Local polo enthusiast gives lessons, rents horses
Date posted: July 25, 2014
SHERIDAN — Polo is fun and affordable. That’s the message Ethan Galis is trying to convey through his lessons at the Big Horn Polo Academy.
Galis began playing polo in college at the University of Texas at Austin, and he calls himself an addict. Just when he thought he was burnt out of the sport, he was sucked right back in by an internship opportunity with the U.S. Polo Association.
Galis received an email from the USPA looking for someone to help develop other college students and recent graduates in the sport of polo, and that email came just in the nick of time.
“Truth be told, I was about ready to call it quits with polo,” he said. “I didn’t have the horses or anything to keep me in the sport, but then I got the email from the USPA about an internship.”
That same internship program brought Galis to Sheridan this summer.
It is Galis’ goal, in teaching the sport of polo, to get others to simply enjoy the sport as much as he does. Well, almost as much as he does; the guy’s hooked. He lives for the sport.
He says Sheridan’s polo community is a great place for him because the laid back mentality the riders have is similar to his.
That’s not to say he doesn’t get competitive, though.
Galis began competing in various equestrian disciplines when he was 9, was team captain and president of the UT Austin polo club and has attended clinics and worked under different mentors. He definitely has experience on a horse.
When talking to him, you can hear his competitive side creep out, but the seemingly never-fading smile on his face suggests how much fun the sport can be.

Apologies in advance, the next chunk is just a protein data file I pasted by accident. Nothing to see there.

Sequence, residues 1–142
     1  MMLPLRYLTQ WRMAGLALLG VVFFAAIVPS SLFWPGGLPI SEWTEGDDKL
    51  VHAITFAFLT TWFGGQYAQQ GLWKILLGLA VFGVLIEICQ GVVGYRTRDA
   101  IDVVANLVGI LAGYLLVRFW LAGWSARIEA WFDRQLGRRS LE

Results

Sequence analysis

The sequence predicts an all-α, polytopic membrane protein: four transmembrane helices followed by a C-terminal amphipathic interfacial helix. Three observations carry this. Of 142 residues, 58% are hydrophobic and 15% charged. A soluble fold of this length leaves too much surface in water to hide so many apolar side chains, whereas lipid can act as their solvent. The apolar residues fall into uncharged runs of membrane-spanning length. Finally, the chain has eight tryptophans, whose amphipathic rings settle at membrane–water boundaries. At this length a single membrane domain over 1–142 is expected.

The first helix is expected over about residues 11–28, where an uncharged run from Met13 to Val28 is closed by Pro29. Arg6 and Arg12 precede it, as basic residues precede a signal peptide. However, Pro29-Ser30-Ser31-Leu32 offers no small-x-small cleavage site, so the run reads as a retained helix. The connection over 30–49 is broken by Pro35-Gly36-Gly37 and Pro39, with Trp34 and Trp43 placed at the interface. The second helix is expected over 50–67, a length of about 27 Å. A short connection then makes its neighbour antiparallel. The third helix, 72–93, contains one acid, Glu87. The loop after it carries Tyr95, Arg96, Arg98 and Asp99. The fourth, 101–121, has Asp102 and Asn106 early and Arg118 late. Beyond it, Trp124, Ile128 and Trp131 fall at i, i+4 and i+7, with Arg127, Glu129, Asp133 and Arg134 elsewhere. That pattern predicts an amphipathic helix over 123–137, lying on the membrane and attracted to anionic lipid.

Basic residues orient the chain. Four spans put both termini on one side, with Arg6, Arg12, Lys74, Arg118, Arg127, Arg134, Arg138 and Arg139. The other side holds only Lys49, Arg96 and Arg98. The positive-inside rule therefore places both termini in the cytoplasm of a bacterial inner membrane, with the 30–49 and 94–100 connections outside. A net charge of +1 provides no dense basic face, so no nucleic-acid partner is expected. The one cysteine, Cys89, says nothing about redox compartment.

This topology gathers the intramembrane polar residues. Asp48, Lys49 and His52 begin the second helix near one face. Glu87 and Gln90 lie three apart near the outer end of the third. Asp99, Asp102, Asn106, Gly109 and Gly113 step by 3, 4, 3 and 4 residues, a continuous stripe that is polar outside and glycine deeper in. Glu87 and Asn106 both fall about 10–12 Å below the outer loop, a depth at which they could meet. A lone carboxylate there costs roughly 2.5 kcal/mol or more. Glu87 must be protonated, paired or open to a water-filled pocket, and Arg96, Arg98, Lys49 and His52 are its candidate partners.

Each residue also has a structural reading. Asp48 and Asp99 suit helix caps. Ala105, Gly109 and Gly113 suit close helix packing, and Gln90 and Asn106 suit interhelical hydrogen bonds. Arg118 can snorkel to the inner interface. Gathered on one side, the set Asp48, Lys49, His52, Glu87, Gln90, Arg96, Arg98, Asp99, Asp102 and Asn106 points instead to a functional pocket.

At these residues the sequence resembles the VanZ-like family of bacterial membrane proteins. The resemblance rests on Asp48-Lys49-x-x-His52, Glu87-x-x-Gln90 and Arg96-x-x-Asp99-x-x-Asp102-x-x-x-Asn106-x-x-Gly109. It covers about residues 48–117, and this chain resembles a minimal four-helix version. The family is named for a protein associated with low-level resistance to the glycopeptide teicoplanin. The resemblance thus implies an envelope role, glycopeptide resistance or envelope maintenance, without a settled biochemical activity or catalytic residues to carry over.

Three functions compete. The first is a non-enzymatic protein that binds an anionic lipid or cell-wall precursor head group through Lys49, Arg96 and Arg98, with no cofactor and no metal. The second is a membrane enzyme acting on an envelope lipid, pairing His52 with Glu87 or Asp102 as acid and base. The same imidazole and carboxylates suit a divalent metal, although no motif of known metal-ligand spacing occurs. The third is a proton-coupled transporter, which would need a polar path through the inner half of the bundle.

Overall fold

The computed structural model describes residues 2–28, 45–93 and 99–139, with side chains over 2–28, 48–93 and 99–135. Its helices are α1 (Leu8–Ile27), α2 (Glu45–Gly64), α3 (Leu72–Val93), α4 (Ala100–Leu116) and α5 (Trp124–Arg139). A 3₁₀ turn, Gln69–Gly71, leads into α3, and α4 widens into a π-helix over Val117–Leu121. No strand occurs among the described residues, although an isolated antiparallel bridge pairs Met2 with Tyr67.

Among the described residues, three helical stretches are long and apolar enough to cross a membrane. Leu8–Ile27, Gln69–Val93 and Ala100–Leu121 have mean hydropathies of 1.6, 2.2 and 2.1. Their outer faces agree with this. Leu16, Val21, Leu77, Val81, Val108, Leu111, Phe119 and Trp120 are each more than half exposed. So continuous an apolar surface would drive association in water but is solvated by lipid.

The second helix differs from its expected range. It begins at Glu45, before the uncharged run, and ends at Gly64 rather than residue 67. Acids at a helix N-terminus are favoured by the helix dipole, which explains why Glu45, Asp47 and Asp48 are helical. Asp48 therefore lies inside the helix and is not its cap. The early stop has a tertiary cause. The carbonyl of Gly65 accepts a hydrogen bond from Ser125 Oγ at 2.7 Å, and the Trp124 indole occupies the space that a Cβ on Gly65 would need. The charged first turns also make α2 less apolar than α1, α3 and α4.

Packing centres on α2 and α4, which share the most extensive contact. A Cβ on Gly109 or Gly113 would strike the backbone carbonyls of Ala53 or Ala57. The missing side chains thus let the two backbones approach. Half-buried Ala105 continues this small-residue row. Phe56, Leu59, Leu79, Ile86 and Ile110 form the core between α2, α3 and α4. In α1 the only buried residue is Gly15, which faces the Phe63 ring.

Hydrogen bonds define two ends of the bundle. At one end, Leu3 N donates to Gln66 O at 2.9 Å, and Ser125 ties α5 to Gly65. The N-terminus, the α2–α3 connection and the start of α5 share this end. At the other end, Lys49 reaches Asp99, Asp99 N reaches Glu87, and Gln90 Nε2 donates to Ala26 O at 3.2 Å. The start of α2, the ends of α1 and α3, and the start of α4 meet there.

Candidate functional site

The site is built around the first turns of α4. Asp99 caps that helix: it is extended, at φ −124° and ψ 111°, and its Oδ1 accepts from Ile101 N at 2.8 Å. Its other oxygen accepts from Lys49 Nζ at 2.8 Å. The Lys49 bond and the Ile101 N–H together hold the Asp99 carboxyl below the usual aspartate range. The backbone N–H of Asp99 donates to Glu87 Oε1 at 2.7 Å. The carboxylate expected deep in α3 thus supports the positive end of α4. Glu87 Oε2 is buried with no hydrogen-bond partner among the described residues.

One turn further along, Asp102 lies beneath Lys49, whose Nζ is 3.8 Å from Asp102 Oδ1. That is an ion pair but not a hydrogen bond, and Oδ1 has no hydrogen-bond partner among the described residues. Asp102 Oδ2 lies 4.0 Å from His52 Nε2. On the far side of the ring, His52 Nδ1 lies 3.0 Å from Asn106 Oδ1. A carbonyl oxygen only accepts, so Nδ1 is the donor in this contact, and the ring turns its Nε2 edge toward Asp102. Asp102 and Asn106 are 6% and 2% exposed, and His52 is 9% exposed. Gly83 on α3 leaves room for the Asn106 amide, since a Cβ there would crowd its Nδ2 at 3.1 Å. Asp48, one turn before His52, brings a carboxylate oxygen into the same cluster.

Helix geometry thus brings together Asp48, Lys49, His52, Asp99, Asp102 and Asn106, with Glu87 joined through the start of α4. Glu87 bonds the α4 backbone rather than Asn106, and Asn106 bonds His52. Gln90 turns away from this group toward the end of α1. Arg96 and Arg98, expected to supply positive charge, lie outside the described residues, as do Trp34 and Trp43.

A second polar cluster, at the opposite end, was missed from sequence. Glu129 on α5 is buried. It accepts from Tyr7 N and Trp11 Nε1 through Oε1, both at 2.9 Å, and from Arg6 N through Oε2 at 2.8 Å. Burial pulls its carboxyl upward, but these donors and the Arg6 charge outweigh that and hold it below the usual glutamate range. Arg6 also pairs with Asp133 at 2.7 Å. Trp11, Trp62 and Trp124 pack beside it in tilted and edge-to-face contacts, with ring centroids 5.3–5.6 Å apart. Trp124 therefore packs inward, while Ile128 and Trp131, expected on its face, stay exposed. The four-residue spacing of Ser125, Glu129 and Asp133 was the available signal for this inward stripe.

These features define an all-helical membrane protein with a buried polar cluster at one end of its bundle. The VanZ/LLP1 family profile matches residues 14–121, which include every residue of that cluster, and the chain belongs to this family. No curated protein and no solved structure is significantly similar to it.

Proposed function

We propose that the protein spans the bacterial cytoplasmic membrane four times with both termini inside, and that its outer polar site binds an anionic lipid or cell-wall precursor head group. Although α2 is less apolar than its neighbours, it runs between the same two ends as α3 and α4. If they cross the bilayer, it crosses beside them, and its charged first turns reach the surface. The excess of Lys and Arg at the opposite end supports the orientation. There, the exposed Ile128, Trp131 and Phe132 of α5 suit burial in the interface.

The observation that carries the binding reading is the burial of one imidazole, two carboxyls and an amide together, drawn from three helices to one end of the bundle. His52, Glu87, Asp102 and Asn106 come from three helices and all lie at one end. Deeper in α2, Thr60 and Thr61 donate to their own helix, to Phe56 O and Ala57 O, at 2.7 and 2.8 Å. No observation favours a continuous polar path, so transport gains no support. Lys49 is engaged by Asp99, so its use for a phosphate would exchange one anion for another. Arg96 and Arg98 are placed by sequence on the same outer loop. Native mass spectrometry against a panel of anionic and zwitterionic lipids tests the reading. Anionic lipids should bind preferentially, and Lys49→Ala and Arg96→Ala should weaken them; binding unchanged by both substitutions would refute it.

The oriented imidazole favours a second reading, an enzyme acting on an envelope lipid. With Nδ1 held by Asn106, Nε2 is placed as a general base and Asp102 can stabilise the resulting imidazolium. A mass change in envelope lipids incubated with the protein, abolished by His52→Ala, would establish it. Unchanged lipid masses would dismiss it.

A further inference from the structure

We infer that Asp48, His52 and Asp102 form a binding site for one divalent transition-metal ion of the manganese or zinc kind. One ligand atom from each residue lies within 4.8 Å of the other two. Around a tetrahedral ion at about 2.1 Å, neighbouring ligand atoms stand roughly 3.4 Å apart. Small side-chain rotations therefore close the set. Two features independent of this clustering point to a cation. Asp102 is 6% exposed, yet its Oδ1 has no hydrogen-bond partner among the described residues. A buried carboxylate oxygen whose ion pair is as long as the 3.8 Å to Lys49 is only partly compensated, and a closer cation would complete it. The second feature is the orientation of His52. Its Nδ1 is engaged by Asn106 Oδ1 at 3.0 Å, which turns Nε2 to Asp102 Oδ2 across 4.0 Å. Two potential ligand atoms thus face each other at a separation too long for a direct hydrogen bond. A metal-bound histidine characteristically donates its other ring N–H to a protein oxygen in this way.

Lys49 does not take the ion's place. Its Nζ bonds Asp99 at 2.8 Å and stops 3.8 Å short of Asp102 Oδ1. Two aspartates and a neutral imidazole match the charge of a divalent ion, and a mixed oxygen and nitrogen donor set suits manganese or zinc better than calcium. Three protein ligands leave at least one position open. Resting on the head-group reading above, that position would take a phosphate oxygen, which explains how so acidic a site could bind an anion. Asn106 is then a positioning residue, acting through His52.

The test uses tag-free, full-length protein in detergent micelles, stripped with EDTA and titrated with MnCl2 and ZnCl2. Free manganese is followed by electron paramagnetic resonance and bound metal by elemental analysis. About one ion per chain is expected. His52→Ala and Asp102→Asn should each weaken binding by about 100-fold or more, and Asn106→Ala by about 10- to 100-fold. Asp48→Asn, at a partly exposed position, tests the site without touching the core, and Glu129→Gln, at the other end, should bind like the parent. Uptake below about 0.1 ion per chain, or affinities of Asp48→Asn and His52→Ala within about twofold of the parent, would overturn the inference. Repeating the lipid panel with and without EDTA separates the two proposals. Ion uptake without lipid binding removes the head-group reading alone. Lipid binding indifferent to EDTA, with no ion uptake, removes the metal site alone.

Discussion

Galis wants to relay that passion of polo to as many new players as possible, which means making it affordable.
“There are those clubs out there that make it a little bit easier financially, and Big Horn is definitely one of those clubs,” he said. “They’re more focused on getting people out and making it extremely reasonable.”
He wants to show people that it’s not impossible to play polo and have fun without emptying their bank accounts.
“There’s another side of polo that people don’t get to see,” Galis said about the common misconception that polo is a rich man’s game. “What we called it in Texas was Redneck Polo. You rent a horse and maybe at the end of the day you’re only paying 80 bucks for a good clean chukker.”
Although polo is seasonal in Wyoming, he gives credit to the Sheridan community for making it successful.
“The beautiful thing about this place is that all these people are just looking to have fun playing polo,” he said of Sheridan.
Sheridan has two polo clubs, the Big Horn Polo Club, a public club, and the Flying H Polo Club, which is private.
Although the Flying H features a higher and faster level of play, Galis was impressed at how they don’t encroach on the Big Horn club, and vice versa.
“The two clubs work together really well, and you don’t really see that in a lot of places,” he said.
Galis, who works mostly with the Big Horn Polo Club, is using his summer in Sheridan to prepare himself for one day reaching his ultimate goal of starting his own club in Texas.
Not only is he using his time here to perfect his teaching skills, but he’s also keeping an eye on how things at the Big Horn Polo Club are run.
“Houston has a very competitive environment,” he said, speaking of the Houston Polo Club, the biggest in the country. “But I’d like to get something a little more affordable in Texas. I’d like to set up something similar to this (Big Horn Polo Club) in Austin that’s affordable and more club based and more relaxed.”
For now, though, Galis has his mind focused on Sheridan and keeping young players engaged in the sport. He’s been pleased with the turnout through the first half of the summer but is always hoping for more riders.
Galis hosts polo lessons three times a week — Tuesdays, Thursdays and Saturdays — and encourages anyone that is interested to give it a shot, even if you don’t have a horse of your own (he has them for rent.)
Those interested can contact Ethan Galis at (817) 991-1366.
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